Fast Talk podcast, ep. 26: Cramping myths debunked

For almost a century, we've been told that cramping is caused by electrolyte imbalance or bad hydration. That may be wrong.

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The VeloNews Fast Talk podcast is your source for the best advice and most interesting insight on what it takes to become a better cyclist. Listen in as VeloNews columnist Trevor Connor and editor Caley Fretz discuss a range of topics, including training, physiology, technology, and more.

For decades (almost a century, in fact), we’ve been told that cramping is caused by electrolyte imbalance or bad hydration. But new science suggests that this probably isn’t why you cramp during exercise.

So why do you cramp? It all comes down to something called altered neuromuscular control. And how do you stop it? Well, that’s where things get even trickier. We called up the world’s leading athletic cramping expert to find out.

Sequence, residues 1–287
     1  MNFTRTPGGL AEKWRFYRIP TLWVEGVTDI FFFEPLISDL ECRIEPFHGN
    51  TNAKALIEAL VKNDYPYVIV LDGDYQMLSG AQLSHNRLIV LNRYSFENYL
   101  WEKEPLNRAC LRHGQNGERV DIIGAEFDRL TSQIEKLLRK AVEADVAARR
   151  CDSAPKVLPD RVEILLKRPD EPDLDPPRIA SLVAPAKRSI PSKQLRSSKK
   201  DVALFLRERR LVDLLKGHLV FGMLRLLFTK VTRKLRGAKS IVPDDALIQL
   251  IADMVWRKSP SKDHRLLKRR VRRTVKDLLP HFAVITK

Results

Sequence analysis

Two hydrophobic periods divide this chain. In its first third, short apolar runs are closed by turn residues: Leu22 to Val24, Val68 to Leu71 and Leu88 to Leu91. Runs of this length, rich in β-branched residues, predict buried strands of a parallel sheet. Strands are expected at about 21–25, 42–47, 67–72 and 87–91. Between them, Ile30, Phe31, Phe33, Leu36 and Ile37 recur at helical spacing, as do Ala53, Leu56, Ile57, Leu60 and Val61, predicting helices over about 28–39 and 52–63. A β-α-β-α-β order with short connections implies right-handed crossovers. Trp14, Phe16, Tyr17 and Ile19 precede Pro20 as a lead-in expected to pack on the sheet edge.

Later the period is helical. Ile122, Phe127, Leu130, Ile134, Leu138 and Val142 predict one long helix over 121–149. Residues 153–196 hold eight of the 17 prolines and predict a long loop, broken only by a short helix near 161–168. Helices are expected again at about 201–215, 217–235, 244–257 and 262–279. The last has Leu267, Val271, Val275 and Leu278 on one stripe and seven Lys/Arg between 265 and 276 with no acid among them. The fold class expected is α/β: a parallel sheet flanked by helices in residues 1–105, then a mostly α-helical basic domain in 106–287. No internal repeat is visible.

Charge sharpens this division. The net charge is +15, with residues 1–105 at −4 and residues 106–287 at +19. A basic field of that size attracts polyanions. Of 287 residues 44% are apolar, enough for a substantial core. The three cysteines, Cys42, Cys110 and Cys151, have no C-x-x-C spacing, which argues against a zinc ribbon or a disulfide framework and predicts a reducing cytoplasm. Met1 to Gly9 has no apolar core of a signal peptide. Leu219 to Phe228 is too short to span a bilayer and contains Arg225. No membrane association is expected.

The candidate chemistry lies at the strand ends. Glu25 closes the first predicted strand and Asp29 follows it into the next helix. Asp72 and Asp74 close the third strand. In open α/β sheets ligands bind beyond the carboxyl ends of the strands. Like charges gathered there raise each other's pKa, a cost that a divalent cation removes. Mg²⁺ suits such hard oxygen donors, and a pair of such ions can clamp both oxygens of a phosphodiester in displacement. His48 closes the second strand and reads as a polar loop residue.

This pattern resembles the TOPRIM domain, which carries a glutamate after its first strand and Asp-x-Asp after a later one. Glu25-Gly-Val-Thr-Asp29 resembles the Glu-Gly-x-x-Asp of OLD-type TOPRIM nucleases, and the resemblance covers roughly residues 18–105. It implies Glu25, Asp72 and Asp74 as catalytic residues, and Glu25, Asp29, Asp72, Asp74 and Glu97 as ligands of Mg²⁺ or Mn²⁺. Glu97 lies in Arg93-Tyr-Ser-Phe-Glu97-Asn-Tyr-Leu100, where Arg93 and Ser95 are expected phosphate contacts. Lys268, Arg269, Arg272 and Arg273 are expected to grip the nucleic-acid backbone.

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Schwellnus, M. P., Derman, E. W., & Noakes, T. D. (1997). Aetiology of skeletal muscle ‘cramps’ during exercise: a novel hypothesis. J Sports Sci, 15(3), 277-285. doi: 10.1080/026404197367281
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Shang, G., Collins, M., & Schwellnus, M. P. (2011). Factors associated with a self-reported history of exercise-associated muscle cramps in Ironman triathletes: a case-control study. Clin J Sport Med, 21(3), 204-210. doi: 10.1097/JSM.0b013e31820bcbfd
Wagner, T., Behnia, N., Ancheta, W. K., Shen, R., Farrokhi, S., & Powers, C. M. (2010). Strengthening and neuromuscular reeducation of the gluteus maximus in a triathlete with exercise-associated cramping of the hamstrings. J Orthop Sports Phys Ther, 40(2), 112-119. doi: 10.2519/jospt.2010.3110

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